COMPANY VIDEO HANDBOOK
UNDERSTANDING YOUR BUSINESS AUDIENCE
Who are the target audience?
Buyers are might be individuals, but usually there is a body of opinion involved in any sale. There might be two, or 6, or twenty people involved at some level of the decision to purchase from your company.
At one extreme a retail consumer, a shopper will ask their smartphone for a review while standing in the shopping aisle in front of a product, while deciding if they should buy. At the other extreme, a Managing Director or CEO will have colleagues for decision support and opinion over the awarding of a major tender.
The point is that the audience for your company video is rarely one person. People buy in groups, with maybe a “chief buyer” backed by “decision support” people.
So it’s important that your business video wins over the whole audience and not just one individual, type or job role.
Company video & business audience types
We’re going to introduce a new business audience type for your video, the Floating Voter
Your company video has to reach the Floating Voter, and this is often the clincher in any sale.
Floating voter? Who is she?
Here’s how it works:
Divide your video audience into three broad types:
> The Ayes
> The Nays
> The Floating Voters.
Consider what impact your company video will have on each of these audience segments.
These people already think in your favour. They tend to like you. Perhaps they're early adopters. Your video will initiate and reinforce the good reasons why they favour your business.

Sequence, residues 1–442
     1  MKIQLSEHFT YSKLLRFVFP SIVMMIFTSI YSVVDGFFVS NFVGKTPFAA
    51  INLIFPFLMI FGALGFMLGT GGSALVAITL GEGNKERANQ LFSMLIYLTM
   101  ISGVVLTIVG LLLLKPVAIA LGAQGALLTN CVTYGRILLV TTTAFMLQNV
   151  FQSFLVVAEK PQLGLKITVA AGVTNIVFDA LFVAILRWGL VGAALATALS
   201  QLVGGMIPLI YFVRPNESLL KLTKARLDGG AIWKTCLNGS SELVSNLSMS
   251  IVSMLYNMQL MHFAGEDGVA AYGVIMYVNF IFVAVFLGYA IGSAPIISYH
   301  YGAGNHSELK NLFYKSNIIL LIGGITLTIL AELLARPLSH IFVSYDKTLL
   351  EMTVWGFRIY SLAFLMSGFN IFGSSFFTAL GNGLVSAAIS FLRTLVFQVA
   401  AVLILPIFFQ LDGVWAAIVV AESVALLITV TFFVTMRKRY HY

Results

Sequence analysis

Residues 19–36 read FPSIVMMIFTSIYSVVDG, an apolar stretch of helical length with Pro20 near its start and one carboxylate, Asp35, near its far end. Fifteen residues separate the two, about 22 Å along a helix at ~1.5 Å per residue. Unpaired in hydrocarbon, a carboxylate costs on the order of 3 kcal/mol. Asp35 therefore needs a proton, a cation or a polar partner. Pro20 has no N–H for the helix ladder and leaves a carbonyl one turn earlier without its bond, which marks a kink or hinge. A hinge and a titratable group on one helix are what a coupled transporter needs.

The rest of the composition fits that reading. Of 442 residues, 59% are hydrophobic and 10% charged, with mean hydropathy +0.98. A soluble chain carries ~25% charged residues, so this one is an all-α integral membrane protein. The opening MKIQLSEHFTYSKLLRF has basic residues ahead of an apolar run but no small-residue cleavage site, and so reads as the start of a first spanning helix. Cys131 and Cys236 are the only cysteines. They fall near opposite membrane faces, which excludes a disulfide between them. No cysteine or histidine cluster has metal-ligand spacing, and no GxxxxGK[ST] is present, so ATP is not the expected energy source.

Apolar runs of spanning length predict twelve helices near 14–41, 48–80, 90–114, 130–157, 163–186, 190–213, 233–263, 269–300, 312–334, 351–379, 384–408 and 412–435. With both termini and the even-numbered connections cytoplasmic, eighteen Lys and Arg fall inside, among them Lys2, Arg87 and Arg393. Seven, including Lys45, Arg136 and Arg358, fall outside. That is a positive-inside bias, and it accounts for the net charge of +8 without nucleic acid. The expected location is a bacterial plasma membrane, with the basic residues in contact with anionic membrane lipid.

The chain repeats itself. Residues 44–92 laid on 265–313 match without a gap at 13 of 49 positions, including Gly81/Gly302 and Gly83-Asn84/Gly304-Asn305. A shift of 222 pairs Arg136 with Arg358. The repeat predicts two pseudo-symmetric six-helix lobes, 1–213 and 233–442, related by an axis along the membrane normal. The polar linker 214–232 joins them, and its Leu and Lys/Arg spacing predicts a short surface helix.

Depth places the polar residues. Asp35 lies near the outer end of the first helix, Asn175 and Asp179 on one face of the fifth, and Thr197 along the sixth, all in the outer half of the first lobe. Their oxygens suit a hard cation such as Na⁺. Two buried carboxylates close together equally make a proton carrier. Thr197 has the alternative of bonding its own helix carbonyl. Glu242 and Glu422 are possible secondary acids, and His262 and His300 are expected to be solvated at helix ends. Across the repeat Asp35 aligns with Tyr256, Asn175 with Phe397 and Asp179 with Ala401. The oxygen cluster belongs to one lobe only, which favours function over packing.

Your video will give them a boost by increasing their conviction. Perhaps it's your homepage video that gave them this conviction in the first place.
Nays can be directors, buyers or any public consumer. Anyone.
These people don’t want to give you their business. They’ll only do so if their colleagues pressure them into it. While they might be charming to your face (they’re probably nice people), they will have their own preferred supplier / source / product / agenda and will vote against you.
The message here is that your company video should ignore them - the types of people who are never going to like you.
The business reasoning in your video should ignore their arguments against you. This is because it’ll make no difference whether you’re right or wrong in what you say, because the Nays will never vote for you.
Nays often have petty arguments, and make a big deal of small niggles. Their arguments are often a specious cover for simply saying “no”, so avoid their arguments, or give them no more than lip service.
Leave the Nays alone.
The Floating Voter
The Floating Voter is who your whole company video message should be aimed at.
These people are not necessarily in your favour, but neither are they against you.
Your video should focussed on winning them round, as reasonable people.
Focus your proposition on what the Floating voter needs to know in order to vote for you. Win on “reasonable doubt”. Avoid arguments you can’t win. And avoid Nay-only arguments.
Remember, a company video isn’t magic. You’re playing for percentage points here. If your company successfully influences floating voters in 2 out of 10 purchases or tenders, then you’ve achieved a 20% improvement, which is huge.
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